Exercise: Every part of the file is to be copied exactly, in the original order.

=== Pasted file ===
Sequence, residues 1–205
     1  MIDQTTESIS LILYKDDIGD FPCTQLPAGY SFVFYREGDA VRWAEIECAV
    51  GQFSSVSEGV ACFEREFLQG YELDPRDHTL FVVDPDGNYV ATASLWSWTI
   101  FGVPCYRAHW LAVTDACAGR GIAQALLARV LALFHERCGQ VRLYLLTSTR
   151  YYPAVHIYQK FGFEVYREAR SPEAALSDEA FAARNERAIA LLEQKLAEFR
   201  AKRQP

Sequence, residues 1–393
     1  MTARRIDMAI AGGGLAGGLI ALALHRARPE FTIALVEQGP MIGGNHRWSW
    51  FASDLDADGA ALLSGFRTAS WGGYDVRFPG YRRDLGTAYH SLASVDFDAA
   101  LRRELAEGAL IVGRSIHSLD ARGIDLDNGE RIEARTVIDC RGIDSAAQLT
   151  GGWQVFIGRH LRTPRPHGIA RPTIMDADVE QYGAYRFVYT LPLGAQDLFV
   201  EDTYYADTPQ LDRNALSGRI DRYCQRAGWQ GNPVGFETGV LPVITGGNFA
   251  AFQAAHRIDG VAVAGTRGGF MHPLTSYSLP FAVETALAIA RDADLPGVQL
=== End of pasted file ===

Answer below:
Sequence, residues 1–205
     1  MIDQTTESIS LILYKDDIGD FPCTQLPAGY SFVFYREGDA VRWAEIECAV
    51  GQFSSVSEGV ACFEREFLQG YELDPRDHTL FVVDPDGNYV ATASLWSWTI
   101  FGVPCYRAHW LAVTDACAGR GIAQALLARV LALFHERCGQ VRLYLLTSTR
   151  YYPAVHIYQK FGFEVYREAR SPEAALSDEA FAARNERAIA LLEQKLAEFR
   201  AKRQP

Sequence, residues 1–393
     1  MTARRIDMAI AGGGLAGGLI ALALHRARPE FTIALVEQGP MIGGNHRWSW
    51  FASDLDADGA ALLSGFRTAS WGGYDVRFPG YRRDLGTAYH SLASVDFDAA
   101  LRRELAEGAL IVGRSIHSLD ARGIDLDNGE RIEARTVIDC RGIDSAAQLT
   151  GGWQVFIGRH LRTPRPHGIA RPTIMDADVE QYGAYRFVYT LPLGAQDLFV
   201  EDTYYADTPQ LDRNALSGRI DRYCQRAGWQ GNPVGFETGV LPVITGGNFA
   251  AFQAAHRIDG VAVAGTRGGF MHPLTSYSLP FAVETALAIA RDADLPGVQL